The London 2012 Olympic logo, were the critics wrong?

The logo for the London 2012 Summer Olympic Games was first unveiled on the 4th June 2007 to much criticism from the media, design community and public in general. Now exactly three years on, enough time has passed for the logo and brand to become established, so I think it’s a good time to ask - were the critics wrong?

The logo was created by Wolff Olins, a branding agency with offices in London, New York and Dubai, for a reported £400,000. The initial reaction in newspapers, on television and the internet appeared to be very negative, with all manner of insults used to describe the logo. But was part of the reason for that response due to the often quoted cost involved, which of course usually covers far more than people imagine. Or was it that many took offence with purely it’s look, often being described as childish and not representative of London. It contained neither sporting images nor pictures of London landmarks, instead aiming to be “unconventionally bold, deliberately spirited and unexpectedly dissonant, echoing London’s qualities of a modern, edgy city.” - Wolff Olins.

London 2012 logo

Variety of applications the London 2012 Olympic logo can be used for.

London 2012 Olympic and Paralympic logos.

The Paralympics logo (left) and four official colour combinations for the main logo.

The London 2012 logo was created in several colours to allow for a wide range of applications, and for the first time the same basic shape was also used for the Paralympic Games so that the branding would be consistent between the two. In my opinion, it’s this branding that’s played a major part in how the logo is now viewed, with my own reaction to the logo being different to what it was when I first saw it.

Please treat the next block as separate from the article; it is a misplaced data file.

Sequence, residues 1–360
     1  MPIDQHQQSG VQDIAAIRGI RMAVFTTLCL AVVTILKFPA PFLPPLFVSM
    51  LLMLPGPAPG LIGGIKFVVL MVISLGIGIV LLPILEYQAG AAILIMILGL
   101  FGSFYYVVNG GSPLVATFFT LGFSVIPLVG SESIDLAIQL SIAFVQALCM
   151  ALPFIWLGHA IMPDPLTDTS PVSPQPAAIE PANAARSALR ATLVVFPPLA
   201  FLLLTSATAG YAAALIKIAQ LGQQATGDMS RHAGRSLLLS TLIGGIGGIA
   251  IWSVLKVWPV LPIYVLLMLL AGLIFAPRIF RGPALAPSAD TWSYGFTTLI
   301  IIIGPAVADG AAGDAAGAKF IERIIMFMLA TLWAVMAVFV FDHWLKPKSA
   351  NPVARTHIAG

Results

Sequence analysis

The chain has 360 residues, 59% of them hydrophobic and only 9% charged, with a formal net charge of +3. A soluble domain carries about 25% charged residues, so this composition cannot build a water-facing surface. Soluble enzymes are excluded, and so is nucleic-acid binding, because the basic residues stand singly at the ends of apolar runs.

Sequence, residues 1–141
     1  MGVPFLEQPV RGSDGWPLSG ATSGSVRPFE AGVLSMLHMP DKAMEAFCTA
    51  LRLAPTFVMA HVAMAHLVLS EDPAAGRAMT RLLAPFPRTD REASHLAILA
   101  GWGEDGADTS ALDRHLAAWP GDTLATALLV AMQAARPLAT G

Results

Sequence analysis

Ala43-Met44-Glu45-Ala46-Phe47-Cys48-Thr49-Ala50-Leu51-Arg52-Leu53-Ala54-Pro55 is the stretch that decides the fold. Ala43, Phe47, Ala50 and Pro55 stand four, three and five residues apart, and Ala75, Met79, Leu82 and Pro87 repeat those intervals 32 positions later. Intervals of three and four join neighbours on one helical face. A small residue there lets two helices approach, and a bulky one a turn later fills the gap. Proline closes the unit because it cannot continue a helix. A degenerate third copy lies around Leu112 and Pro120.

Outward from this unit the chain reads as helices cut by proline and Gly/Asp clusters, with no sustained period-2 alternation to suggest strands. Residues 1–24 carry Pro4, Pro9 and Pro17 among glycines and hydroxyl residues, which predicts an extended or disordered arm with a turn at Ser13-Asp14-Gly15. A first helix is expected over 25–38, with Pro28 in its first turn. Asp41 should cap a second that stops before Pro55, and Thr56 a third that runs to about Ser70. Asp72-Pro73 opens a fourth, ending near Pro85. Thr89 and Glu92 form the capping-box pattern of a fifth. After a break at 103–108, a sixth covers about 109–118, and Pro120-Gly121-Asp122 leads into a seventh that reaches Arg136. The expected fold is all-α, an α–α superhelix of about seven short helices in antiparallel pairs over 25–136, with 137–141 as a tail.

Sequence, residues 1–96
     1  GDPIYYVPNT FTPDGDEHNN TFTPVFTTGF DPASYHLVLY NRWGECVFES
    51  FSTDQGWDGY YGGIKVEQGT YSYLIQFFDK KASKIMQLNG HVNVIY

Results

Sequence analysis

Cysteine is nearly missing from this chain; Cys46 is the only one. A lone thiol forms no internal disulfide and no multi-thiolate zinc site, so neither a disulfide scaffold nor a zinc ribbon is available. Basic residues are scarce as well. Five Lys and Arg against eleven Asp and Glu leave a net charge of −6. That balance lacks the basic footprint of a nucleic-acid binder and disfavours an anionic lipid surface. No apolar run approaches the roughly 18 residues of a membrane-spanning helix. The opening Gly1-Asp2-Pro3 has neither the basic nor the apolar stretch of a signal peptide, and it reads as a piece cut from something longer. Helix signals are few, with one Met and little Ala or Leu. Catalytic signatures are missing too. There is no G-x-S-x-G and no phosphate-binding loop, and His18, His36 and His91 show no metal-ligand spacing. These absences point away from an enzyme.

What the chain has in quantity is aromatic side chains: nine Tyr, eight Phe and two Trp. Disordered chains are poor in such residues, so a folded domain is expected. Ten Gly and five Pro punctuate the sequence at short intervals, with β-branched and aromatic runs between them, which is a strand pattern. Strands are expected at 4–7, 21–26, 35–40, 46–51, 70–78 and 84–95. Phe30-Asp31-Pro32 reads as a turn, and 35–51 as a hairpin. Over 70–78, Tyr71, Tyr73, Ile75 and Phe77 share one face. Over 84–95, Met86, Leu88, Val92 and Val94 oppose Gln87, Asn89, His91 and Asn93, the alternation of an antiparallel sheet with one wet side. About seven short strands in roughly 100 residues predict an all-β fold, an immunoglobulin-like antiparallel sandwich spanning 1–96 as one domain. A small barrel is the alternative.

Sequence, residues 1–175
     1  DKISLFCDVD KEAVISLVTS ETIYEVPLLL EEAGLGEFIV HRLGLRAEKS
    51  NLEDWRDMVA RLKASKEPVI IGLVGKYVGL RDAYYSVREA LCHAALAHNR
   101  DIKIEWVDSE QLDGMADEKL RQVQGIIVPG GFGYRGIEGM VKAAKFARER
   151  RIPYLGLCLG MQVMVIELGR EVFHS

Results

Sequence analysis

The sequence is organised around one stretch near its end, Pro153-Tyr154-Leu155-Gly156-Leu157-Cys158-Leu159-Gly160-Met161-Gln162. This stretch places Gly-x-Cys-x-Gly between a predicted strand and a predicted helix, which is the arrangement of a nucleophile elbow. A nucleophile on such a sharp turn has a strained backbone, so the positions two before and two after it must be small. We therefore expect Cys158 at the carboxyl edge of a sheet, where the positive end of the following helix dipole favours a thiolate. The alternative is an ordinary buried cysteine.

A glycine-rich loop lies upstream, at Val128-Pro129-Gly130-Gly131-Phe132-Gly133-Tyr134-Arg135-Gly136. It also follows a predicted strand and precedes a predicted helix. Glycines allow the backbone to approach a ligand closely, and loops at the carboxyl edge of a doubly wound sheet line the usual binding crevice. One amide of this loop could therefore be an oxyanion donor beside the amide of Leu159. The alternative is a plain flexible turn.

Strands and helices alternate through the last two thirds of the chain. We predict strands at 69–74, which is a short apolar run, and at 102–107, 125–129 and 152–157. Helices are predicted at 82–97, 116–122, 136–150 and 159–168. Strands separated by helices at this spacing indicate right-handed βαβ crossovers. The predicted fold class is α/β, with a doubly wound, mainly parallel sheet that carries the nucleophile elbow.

The logo can be used in a variety of ways (see top photo), such as being shown in a solid colour, as an outline or allowing an image to fill that outline. Also the custom typeface is so distinct that even when used on its own, it can be easily associated with the games. I think this flexibility was a major factor in the design of the logo and has really helped establish the overall identity.

London 2012 partner logos, including Cadbury, Adidas, BP, BT and British Airways.

Personalised versions of the logo, used by official partners.

The logo was designed so that is could be easily personalised for official partners of the games, incorporating their corporate colours and with taglines relevant to their business. I personally believe in this regard the logo works extremely well due to the shape being highly recognisable, so no matter what colour it is, or what it’s placed alongside, a quick glimpse and instantly I know what it is and more importantly, what is represents.

About the author

Paul Galbraith is a logo and brand identity designer, working with startups, small businesses and entrepreneurs in the UK, USA and beyond.